Thank you for tuning in to this audio only podcast presentation. This is week 109 of The Lindahl Letter publication. A new edition arrives every Friday. This week the topic under consideration for The Lindahl Letter is, “Robots in the house.”
Right before sitting down to work on this post I recorded the audio for week 108. My voice has almost recovered all the way from catching that pandemic thing in December. It’s interesting that sustaining vocal quality would be one of the last things to stabilize from that distinctly unwanted experience. You have probably been able to hear that within the last few recorded podcasts. I just did not have that totality of vocal control. I might go back and record that audio segment again, but at this point it is entirely possible that won’t happen based on time and the weight of other commitments this week. I was also a little concerned when Audacity, the software I use for this recording, required an update before the recording started, but it was apparently a small one and I was able to start the recording process within a couple of minutes. It’s very possible that this missive would go out without an audio edition. You however know that is not the case.
It turned out that I was able to sit down and record the audio version of this Substack post. Right now I’m working without my backlog due to some unavoidable things that disrupted my writing routine a bit. I’m hopeful that given a little bit of time a few weeks of backlog will build back up, but right now each post is as fresh as it will ever be as things are being written directly before being recorded as part of my weekend writing routine. Typically it is better to have the posts created within the 5 week planning and review cycle. At this point, that is not possible. Welcome to the now and being in the moment as the very freshest words are brought your way within this missive of consideration for Substack.
For the most part households adopted some machines pretty quickly and in a sustained way. Depending on where you are, microwaves, refrigerators, freezers, dishwashers, washing machines, and dryers are a part of the technology footprint in households. None of those devices need to be connected to either WiFi or Bluetooth to be operational. They existed for many years without that type of connectivity. This essay happens to be about robots in the house and the aforementioned appliances are not really what people talk about in terms of modern robotics in the household. It’s something more mobile that gets a lot of attention. To be fair a lot of robot vacuum brands and companies now exist. They roam and clean, get stuck, and have to be rescued and maintained.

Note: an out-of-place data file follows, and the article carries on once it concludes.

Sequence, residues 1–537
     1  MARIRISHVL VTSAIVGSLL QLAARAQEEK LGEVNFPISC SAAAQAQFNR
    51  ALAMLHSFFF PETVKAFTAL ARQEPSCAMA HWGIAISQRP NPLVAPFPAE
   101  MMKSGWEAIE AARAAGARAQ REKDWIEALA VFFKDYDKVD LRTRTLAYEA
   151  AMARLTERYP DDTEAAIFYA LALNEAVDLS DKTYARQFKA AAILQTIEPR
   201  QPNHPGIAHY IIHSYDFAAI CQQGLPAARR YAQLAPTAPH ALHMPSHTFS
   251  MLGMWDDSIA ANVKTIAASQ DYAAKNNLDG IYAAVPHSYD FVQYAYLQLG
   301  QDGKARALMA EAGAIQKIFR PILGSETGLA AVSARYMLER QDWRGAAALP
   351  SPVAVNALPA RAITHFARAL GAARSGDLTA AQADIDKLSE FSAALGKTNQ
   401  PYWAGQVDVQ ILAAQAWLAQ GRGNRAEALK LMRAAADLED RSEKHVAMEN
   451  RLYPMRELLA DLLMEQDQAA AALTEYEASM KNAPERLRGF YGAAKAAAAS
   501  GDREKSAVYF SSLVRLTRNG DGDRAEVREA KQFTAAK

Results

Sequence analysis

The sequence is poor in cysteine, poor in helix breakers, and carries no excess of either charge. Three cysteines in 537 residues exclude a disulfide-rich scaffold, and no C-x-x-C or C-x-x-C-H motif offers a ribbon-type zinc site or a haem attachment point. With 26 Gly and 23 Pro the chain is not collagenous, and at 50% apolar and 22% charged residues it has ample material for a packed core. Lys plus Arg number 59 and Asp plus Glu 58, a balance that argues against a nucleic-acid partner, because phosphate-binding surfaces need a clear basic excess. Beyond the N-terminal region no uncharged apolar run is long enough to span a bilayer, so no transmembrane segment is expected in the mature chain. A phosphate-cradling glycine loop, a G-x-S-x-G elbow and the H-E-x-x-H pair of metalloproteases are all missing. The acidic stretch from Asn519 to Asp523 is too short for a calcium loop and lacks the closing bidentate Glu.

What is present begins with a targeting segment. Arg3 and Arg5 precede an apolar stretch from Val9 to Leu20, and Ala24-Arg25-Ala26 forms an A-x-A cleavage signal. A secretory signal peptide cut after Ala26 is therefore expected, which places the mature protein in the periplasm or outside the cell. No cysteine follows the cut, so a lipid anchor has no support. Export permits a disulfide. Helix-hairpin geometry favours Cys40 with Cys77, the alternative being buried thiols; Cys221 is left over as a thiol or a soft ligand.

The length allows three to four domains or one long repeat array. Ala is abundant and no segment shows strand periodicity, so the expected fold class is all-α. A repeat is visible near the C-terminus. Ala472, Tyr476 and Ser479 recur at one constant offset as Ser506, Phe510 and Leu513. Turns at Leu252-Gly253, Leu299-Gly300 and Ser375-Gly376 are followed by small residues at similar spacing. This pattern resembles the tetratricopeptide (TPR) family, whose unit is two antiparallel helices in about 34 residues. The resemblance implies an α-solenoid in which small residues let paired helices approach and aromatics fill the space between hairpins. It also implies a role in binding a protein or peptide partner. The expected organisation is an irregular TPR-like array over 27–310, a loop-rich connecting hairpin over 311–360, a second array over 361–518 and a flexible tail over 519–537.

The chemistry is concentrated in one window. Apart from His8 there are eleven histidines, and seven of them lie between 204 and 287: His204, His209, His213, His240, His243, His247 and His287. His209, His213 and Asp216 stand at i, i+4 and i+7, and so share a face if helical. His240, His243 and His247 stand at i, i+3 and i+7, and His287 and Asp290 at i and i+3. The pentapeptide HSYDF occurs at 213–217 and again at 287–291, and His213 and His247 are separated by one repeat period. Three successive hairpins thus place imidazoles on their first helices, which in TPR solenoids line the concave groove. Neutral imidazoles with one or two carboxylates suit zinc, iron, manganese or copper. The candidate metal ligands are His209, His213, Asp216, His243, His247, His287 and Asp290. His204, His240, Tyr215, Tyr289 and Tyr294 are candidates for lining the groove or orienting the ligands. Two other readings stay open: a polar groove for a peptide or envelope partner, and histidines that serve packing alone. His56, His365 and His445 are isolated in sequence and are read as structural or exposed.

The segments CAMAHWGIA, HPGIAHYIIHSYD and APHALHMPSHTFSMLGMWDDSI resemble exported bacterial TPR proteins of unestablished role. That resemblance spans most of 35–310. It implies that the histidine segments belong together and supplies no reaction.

I went out to find some papers that referenced the Roomba and they seem to have peaked between 2006 to 2007. Which I thought was a very interesting element to see within this literature review. They just sort of stopped in frequency. Here are three of them that were well referenced.
Forlizzi, J., & DiSalvo, C. (2006, March). Service robots in the domestic environment: a study of the roomba vacuum in the home. In Proceedings of the 1st ACM SIGCHI/SIGART conference on Human-robot interaction (pp. 258-265). https://www.cs.cmu.edu/~kiesler/publications/2006pdfs/2006_service-robots-roomba.pdf
Tribelhorn, B., & Dodds, Z. (2007, April). Evaluating the Roomba: A low-cost, ubiquitous platform for robotics research and education. In Proceedings 2007 IEEE International Conference on Robotics and Automation (pp. 1393-1399). IEEE. https://citeseerx.ist.psu.edu/document?repid=rep1&type=pdf&doi=15cb2263caf26ac68906858093ae8d7749ad7827
Jones, J. L. (2006). Robots at the tipping point: the road to iRobot Roomba. IEEE Robotics & Automation Magazine, 13(1), 76-78. https://www.researchgate.net/profile/Joseph-Jones-14/publication/3344755_Robots_at_the_tipping_point_the_road_to_iRobot_Roomba/links/5728aa7308ae2efbfdb7dce8/Robots-at-the-tipping-point-the-road-to-iRobot-Roomba.pdf
None of these robots in the house are equipped with any conversational subroutines. Within the worlds created by science fiction writers it is not uncommon for the robots in the house to talk back and demonstrate some degree of personality. We currently have no legitimate AGI that would facilitate that type of exchange. It’s probably up next at some point. Now that both Microsoft (powered by OpenAI) and Google are trying to create chat-like interactions I’m guessing that chatting with the robots in the house will arrive as a feature. Right now in Google Scholar searches you can find almost 5,000 results for ChatGPT .
Links and thoughts:
Top 6 Tweets of the week:
What’s next for The Lindahl Letter?
- Week 110: Chatbots and understanding knowledge graphs
- Week 111: Natural language processing
- Week 112: Autonomous vehicles
- Week 113: Structuring an introduction to AI ethics
- Week 114: How does confidential computing work?
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